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Archive for September, 2008

Compassion Rations

This is an account of one of the many times Outback Steakhouse has served those who serve in our military in the war zones:

"For troops in Kandahar, comfort is an Outback meal delivered on a C-17.
But for those traveling to prepare the meal, it’s a nerve-wracking mission.

The rumor started about a month ago. It spread through the 101st
Airborne Division in Afghanistan like a dust storm in Kandahar. Nobody
really believed it, because it sounded too good to be true.

The Outback Steakhouse people were coming. And they were bringing food .
. ."

Thus began an article that ran in the 2 July 2002 issue of
the /St. Petersburg Times/ and which has subsequently come to land in
many an

inbox.

On 19 June 2002, fifteen Outback Steakhouse
(an
international chain of Australian-themed restaurants) employees worked
with military personnel in Kandahar, Afghanistan, to cook and serve
ribeyes and bloomin’ onions to members of the 101st Airborne Division
stationed in that desolate region. Temperatures hit 117°F that day, and
the fifteen civilians wore water-filled backpacks called "camelbaks
" to keep themselves hydrated.
It took those fifteen Outbackers three days to reach Kandahar from the
United States (travel into war zones is a tricky affair), but once they
arrived the U.S. troops were served the best meal they’d had in a long
time.

The folks from Outback brought 6,700 steaks, 30,000 shrimp, and 3,000
giant onions with them. Broccoli, rolls, french fries, and cans of
O’Douls (a non-alcoholic beer) completed the meal. For dessert, Jeff’s
Gourmet Pies of Tampa donated 6,600 slices of cheesecake.

This is good eating even to those who haven’t spent months chowing down
on little else but powdered eggs and T-Rations. For the troops in the
field, it was manna from heaven.

Source: http://www.snopes.com/rumors/outback.asp
Sources:/

Lush, Tamara. "Heaven in Time of War: 6,700 Ribeyes."
/St. Petersburg Times/. 2 July 2002 (p. A1).

Meadows, Andrew. "Outback Takes Feast to Forces."
/The Tampa Tribune/. 2 July 2002 (Moneysense, p. 5).

/The Topeka Capital-Journal/ "A Bloomin’ Treat."
8 July 2002 (p. A4).

Father, son rescued after more than 12 hours in Atlantic

Father, son rescued after more than 12 hours in Atlantic

    Story Highlights

  • Son swept out to sea by currents, father jumped in after him
  • At some point, father and son were separated by three miles
  • Father: "We were floating and just waiting for help to come"
  • Boater finds father, Coast Guard rescues autistic son two hours later
By Mallory Simon
CNN

A father and son who tread water for more than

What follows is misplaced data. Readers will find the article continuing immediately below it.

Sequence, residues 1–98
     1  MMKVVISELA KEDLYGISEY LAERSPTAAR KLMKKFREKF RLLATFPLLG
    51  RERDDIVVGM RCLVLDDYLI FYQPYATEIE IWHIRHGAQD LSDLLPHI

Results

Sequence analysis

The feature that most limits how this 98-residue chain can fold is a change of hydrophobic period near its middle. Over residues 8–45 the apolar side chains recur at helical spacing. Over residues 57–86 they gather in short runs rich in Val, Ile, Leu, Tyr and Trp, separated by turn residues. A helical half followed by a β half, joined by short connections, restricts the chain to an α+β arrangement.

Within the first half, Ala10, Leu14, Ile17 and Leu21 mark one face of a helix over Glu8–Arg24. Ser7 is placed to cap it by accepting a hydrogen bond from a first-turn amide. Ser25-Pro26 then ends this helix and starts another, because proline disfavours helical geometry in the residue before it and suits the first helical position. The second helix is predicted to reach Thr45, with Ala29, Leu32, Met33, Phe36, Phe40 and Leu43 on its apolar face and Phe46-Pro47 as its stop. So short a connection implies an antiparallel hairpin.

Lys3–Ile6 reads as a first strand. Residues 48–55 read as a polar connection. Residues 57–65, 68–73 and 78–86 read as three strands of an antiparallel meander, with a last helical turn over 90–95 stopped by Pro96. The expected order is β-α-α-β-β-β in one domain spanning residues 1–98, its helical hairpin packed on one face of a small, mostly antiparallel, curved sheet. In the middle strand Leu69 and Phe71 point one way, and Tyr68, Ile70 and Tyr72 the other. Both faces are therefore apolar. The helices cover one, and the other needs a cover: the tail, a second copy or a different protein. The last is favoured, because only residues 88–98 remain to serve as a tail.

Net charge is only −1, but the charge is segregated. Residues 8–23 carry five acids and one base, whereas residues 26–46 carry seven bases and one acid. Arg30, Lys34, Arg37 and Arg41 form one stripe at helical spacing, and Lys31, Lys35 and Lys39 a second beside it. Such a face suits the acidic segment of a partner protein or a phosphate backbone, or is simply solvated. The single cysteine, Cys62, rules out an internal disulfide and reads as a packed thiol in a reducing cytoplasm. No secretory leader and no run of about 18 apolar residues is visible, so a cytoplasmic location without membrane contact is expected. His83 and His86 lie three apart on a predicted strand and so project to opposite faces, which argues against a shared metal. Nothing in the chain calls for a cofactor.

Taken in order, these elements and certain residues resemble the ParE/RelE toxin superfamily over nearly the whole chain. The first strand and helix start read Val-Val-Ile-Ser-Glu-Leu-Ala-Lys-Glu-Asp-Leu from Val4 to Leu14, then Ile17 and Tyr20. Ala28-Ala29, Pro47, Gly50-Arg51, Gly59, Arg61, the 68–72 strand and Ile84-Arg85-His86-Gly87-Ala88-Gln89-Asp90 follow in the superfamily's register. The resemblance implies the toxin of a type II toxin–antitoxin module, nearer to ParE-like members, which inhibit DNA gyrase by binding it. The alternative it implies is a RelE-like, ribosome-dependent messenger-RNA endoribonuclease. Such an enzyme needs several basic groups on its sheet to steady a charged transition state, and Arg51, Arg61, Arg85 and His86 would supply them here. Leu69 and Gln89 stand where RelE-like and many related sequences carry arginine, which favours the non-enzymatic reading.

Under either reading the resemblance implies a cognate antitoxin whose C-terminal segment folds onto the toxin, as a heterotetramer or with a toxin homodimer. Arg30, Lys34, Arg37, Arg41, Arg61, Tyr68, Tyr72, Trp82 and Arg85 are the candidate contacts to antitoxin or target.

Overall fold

12 hours in the Atlantic Ocean before being rescued spent much of the
time in the dark seas not knowing if the other was alive, authorities
said Monday.

Walter Marino, 46, and his son Chris Marino, who has
autism, were swimming in the Ponce Inlet, south of Daytona Beach,
Florida, on Saturday when currents pulled the 12-year-old boy out to
sea.

His father jumped in to try to save Chris but was also pulled out to sea.

Family members called 911, but by the time rescue units arrived, the father and son could no longer be seen, officials said.

The
U.S. Coast Guard, the Volusia County Beach Patrol and the sheriff’s
office immediately launched a search-and-rescue mission using
helicopters, boats and personal watercraft to try to find the Winter
Park father and son.

"[We
were] floating," Walter Marino told CNN affiliate WKMG-TV after the
rescue. "We were floating and just waiting for help to come." Watch the father thank rescuers »

Hoping
to find the pair alive, the Coast Guard searched from Saturday night
until early Sunday morning before suspending the search because of
darkness, Coast Guard officials told CNN.

Coast Guard officials
told Lt. j.g. David Birky that he would be part of a backup crew to
relieve the team from the night before. Birky told CNN the crew was set
to do a search when the sun came up, but received a call while they
were en route that a good Samaritan boat found Walter Marino about 7:30
a.m.

Birky, the co-pilot of the crew, told CNN that after the
father was found, they began searching that area for his son. Chris
Marino was found two hours later, three miles from where his father was
rescued.

The Coast Guard lifted the boy into a helicopter, and both father and son were taken to Halifax Medical Center in Daytona Beach, where they were in good condition. Both were treated for dehydration, according to WKMG-TV.

"The
Coast Guard rocks," Walter Marino said as he was being transported to
the hospital, according to WKMG-TV. "God bless the Coast Guard."

While Walter Marino praised the Coast Guard for its rescue efforts, Birky said the true praise goes to the father and his young son.

"That
kid is an amazing kid," Birky said. "To tread water for almost 14
hours, I don’t know about you, but I don’t think I could do that. They
have amazing willpower to be able to do it."

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